“No, we’re having squirrel.” Said with a warm, supportive smile. I am not sneering at the child, but you know, as with any job, you take your entertainment where you find it.
“Oh, okay.” (Which only encourages me.)
My son, loitering in the dining room before heading out to work, chortles. “You know,” he observes, “I think that will be one of the fun things about being a parent. You could just randomly re-label something, and always call it that, and they’d never know the difference.”
“Assuming you could get your wife to go along with the joke, of course.”
He doesn’t respond to my corollary, too caught up in the pictures in his imagination. “Can you see him, coming home from preschool?
‘What’d you have for lunch today, son?’
Son’s laughter bursts from his throat. The children, with no idea of the joke, are caught up in the enthusiasm. Deep man-guffaws and baby giggles bounce around the room.
Oh, yeah. He’s going to make a great dad.
“I’ll be picking her up at 12:30 today. She has a dentist appointment at 1:00.”
I look up from our joint project of unpacking the child from her snow gear. “Is this her first visit?”
“Yes. It should be exciting.” She gives her little girl a quick hug and a beaming smile. She really is excited, the crazy woman. Not “crazy” because she’s excited about the dentist. One of my kids just loooved the dentist when he was little, and I wasn’t about to pollute his enthusiasm with my marginally less sunny attitude. So, sure, she’s exuding enthusiasm. She is being a Good Mommy.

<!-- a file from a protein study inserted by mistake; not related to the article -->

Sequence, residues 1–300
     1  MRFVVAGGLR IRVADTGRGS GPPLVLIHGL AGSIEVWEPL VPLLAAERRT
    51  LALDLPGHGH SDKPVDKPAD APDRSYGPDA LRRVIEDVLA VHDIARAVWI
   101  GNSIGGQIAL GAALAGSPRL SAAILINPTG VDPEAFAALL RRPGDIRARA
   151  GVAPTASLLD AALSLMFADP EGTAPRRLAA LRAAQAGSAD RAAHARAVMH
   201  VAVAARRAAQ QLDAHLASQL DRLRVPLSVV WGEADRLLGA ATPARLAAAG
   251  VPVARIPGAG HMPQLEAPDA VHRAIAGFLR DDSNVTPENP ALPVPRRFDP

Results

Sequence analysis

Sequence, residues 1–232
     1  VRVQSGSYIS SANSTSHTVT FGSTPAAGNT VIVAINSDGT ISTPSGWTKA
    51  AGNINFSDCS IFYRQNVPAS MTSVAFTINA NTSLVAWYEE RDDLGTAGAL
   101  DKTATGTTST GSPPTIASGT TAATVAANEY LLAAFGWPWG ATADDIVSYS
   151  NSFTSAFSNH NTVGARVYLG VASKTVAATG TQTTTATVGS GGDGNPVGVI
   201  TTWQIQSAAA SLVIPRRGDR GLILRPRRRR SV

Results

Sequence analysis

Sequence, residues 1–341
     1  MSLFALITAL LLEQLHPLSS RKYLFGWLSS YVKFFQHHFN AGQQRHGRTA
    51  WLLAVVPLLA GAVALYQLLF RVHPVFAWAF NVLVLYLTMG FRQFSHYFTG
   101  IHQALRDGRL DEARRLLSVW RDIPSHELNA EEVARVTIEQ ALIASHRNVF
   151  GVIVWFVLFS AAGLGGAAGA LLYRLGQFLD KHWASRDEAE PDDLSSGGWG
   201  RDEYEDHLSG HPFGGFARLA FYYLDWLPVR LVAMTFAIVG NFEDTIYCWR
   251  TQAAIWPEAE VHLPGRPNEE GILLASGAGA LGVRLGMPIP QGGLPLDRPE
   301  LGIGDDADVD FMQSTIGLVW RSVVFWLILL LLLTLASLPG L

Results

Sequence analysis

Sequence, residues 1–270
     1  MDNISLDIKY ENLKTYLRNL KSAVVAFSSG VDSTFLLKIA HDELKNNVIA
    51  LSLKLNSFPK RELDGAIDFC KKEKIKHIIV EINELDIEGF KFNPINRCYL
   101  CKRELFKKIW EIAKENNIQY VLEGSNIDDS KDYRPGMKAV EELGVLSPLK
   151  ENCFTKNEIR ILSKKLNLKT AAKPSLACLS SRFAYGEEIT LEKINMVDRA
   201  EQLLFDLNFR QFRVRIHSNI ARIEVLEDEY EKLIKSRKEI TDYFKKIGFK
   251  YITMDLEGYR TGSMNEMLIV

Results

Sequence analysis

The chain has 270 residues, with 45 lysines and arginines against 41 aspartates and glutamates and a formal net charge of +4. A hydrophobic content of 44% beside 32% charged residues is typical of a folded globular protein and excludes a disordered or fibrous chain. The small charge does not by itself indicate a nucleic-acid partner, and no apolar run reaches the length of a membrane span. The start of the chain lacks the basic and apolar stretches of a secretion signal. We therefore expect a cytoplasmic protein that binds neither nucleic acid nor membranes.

No, it’s the timing. 1:00 p.m.? One in the afternoon? It’s a sign of my true professionalism (and basic kindness) that I did not allow my jaw to drop to the floor.
Oh, it’ll be ‘exciting’, all right, taking a two-year-old to her very first dental visit, scheduled at THE VERY BEGINNING OF NAP TIME. What could be more fun than taking a sleep-deprived two-year-old to the dentist for the very first time? ‘Exciting’ is one word for it.
You’ve got to wonder what the thought process was that resulted in that lunatic decision. Mom has morning meetings? Reschedule them! It was the only dentist visit available for the next month? SO? I’d wait a whole lot longer than a month to avoid taking a sleep-deprived two-year-old to see the dentist. For her very first visit.
Were I a dentist, I think I’d have a policy: No toddler appointments between the hours of noon and four. Is this a family dentist, or a pediatric dentist, I wonder? And if she specializes, doesn’t she know better than that?
Oh, but I forget: she has a business to run. If she specializes in children, she can’t refuse appointments for half the day to a large section of her clientele. She has a business to run, AND she has access to sedatives. Lots and lots of calming, soothing drugs.
I’m thinking mom will need them before this is over.
Who’s enjoying this more, do you think, Ethan or his daddy?
I’ve got a new post up over at Mid-Century Modern Moms. All you ever wanted to know about your child’s rat. And then some.
But hark! Something has captured the tots’ attention! Could it be….???
Yes! Same vista, seven hours after the first picture. (Two hours after the machines arrived.)
Ladies and gentlemen, we have STREET. (And SIDEWALKS!!)
This is my street.